The same God who worked in such outrageous ways through St. John and his parents continues to operate in our lives, our church, and our world.  And He calls each of us to do what Zacharias originally failed to do:  to believe and obey that salvation and blessing  really are for us, that we have a unique role to play in how the Lord redeems and heals His good creation, here and now, today, in our generation.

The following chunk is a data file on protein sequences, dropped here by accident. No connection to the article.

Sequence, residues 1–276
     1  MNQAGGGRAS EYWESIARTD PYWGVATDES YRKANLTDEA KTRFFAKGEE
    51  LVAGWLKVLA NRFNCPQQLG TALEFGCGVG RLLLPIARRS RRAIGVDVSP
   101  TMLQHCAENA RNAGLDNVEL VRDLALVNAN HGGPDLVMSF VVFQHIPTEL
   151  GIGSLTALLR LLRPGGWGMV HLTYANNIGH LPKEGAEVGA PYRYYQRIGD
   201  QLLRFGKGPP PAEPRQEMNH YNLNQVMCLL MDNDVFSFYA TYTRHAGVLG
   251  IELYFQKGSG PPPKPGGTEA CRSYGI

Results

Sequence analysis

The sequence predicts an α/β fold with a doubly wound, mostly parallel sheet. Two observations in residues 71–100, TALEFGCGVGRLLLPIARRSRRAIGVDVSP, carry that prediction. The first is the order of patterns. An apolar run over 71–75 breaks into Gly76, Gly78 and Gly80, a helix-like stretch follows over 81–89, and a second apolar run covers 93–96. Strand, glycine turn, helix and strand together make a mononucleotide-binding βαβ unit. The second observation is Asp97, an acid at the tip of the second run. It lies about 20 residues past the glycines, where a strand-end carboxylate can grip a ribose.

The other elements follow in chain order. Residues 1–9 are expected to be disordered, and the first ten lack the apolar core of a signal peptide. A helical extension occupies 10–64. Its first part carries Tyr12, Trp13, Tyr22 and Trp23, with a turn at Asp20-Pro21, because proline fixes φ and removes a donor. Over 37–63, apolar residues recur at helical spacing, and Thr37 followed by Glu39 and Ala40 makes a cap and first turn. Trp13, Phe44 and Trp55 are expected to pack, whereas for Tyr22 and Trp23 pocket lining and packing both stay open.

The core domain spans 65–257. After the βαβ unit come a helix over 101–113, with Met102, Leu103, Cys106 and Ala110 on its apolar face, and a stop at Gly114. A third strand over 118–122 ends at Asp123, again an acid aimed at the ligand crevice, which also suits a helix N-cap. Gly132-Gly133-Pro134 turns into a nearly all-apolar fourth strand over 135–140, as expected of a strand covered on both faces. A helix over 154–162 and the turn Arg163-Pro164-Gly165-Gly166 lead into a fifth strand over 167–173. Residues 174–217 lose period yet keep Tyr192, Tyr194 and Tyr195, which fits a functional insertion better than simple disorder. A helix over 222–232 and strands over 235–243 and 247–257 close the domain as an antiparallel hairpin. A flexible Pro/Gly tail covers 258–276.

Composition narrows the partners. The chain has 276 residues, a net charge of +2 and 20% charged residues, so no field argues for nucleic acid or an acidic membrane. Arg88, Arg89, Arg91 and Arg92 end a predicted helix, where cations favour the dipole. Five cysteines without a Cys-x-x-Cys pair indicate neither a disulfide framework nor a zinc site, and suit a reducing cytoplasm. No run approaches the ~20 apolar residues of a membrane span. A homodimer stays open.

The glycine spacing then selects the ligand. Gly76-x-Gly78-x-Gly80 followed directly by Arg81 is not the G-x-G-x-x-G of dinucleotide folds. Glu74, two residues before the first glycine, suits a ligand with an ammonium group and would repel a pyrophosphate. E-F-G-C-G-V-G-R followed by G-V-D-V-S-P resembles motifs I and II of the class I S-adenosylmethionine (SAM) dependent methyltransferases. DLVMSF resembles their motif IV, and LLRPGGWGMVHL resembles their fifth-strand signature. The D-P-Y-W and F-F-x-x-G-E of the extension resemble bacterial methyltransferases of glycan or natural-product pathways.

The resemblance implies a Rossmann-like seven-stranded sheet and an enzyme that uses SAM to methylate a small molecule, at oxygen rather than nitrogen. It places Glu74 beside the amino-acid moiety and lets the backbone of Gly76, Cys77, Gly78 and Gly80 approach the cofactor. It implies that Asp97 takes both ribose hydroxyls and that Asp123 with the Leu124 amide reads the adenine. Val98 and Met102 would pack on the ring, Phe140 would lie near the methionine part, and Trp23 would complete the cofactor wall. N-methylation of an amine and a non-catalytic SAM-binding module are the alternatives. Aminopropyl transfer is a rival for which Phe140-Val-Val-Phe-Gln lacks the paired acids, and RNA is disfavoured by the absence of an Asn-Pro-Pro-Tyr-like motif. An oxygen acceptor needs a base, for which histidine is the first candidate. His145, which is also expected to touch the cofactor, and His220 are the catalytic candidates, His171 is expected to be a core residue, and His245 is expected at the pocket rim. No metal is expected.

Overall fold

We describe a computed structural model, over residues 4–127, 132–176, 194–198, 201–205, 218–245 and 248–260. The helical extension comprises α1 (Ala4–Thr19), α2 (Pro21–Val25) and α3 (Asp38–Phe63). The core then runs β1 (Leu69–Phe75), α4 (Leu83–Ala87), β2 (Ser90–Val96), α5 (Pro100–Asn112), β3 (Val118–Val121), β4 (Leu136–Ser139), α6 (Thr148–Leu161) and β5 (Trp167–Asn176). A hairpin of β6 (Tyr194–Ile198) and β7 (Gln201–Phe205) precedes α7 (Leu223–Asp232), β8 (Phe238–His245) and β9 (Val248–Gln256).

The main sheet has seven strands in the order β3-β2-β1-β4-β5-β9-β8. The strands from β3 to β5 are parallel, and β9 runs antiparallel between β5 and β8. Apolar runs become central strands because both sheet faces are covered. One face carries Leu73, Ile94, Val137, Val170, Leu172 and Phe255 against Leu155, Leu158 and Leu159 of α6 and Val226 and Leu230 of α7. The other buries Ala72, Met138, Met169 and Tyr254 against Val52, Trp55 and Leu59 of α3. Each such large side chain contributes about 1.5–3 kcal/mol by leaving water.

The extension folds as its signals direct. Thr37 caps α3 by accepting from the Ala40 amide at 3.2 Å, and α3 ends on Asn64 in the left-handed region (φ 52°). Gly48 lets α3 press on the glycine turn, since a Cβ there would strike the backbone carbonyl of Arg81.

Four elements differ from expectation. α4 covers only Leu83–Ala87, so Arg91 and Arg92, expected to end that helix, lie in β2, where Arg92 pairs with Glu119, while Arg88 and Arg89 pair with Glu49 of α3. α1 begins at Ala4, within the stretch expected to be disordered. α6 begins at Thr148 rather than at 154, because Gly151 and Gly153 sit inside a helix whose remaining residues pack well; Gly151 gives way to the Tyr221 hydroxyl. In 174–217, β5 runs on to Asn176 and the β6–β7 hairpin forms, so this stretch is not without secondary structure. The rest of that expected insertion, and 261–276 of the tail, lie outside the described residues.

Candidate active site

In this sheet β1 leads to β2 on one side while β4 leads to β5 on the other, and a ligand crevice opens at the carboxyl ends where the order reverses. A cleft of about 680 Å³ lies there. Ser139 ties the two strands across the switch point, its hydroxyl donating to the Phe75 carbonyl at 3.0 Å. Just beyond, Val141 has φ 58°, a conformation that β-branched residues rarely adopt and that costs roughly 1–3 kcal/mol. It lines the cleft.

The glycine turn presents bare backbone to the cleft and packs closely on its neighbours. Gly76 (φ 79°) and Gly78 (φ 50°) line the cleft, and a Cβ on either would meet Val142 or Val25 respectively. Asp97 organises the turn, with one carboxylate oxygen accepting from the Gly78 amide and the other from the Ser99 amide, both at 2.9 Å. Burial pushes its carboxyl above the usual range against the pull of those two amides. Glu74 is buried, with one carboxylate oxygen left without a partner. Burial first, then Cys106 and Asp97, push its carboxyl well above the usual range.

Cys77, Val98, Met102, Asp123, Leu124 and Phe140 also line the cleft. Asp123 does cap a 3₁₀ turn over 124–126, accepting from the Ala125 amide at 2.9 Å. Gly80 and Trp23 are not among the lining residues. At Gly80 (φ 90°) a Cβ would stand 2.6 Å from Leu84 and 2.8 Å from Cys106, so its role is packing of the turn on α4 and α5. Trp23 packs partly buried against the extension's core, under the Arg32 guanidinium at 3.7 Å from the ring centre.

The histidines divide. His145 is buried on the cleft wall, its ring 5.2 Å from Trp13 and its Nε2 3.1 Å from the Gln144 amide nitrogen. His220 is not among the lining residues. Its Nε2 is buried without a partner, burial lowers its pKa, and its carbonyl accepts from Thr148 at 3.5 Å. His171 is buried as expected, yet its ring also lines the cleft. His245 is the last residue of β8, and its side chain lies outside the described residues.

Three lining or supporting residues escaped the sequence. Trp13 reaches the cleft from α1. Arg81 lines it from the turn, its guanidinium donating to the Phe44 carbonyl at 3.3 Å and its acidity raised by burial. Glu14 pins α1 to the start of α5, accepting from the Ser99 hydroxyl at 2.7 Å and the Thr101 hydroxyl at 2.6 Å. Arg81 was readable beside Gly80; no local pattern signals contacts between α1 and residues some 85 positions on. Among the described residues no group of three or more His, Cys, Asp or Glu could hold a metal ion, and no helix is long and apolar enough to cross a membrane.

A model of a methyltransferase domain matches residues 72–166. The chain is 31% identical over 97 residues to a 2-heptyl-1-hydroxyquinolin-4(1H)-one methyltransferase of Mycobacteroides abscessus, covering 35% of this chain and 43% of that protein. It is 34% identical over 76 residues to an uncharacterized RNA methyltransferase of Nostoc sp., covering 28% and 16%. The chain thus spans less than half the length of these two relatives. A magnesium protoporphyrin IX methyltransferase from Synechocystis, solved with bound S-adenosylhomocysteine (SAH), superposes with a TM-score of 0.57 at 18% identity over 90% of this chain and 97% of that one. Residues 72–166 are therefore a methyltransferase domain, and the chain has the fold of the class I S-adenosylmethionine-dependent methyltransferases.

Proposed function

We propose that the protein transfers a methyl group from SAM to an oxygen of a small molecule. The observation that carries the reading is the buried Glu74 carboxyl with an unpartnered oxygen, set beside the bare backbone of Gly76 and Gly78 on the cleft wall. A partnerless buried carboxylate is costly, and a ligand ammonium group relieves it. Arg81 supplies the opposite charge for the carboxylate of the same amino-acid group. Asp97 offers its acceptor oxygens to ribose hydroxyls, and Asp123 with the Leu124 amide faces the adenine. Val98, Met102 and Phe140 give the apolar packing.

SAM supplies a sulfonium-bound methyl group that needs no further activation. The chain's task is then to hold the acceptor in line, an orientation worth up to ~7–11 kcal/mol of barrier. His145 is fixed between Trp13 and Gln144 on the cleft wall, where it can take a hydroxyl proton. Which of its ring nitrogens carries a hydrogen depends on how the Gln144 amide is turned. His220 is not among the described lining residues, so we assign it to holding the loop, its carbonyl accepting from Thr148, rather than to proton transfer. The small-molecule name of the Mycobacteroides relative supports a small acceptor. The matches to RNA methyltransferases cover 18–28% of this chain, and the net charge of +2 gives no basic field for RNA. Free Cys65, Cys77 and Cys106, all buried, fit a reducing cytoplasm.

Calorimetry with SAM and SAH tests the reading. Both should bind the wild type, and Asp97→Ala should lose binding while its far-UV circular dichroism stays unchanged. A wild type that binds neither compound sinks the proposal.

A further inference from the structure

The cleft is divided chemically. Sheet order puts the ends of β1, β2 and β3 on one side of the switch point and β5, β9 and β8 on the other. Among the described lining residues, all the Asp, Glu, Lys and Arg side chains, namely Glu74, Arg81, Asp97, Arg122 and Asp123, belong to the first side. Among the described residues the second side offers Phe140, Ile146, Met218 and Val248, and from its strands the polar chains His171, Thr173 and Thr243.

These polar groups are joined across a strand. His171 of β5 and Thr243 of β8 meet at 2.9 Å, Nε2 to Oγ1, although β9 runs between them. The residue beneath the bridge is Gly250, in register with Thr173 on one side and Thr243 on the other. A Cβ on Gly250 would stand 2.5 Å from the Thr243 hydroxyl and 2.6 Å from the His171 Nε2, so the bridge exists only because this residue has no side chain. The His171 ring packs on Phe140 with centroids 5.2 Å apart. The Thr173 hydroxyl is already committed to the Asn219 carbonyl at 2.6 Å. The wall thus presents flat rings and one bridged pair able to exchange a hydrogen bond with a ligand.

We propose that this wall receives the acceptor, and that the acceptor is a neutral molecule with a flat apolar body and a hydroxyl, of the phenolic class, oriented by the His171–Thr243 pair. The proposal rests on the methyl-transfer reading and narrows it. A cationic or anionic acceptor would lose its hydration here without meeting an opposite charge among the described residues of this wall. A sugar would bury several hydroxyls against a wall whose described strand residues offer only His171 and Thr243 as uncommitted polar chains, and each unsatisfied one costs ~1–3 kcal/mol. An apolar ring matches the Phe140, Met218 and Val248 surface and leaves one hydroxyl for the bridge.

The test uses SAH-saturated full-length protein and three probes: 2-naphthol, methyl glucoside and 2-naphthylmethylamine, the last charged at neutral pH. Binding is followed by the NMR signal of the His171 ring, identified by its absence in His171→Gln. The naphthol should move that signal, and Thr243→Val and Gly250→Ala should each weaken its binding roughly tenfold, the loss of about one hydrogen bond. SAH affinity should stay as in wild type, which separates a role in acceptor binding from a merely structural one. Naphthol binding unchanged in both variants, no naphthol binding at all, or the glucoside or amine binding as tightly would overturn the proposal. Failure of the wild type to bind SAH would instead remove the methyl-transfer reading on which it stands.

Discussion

Too often, we have sold ourselves and God short.  We have assumed that our faith does no more than support our prejudices and preconceived notions, and those of our society.  We have rested easy with our faith making us a bit more religious and perhaps less stressed out before life’s challenges.  Too rarely, however, have we taken Christ at His word to make us living icons of the Kingdom, participants in the divine nature by grace.  Yes, our Savior wants to make us perfect as our Father in heaven is perfect, to make us shine like irons left in a holy fire.  He wants us to forgive those who have wronged us; to love our enemies; to care for Him in the needy, miserable, and outcast; to refuse to worship the false gods of power, wealth, and pleasure; and to treat everyone who bears His image and likeness with the same love that we would show to Him.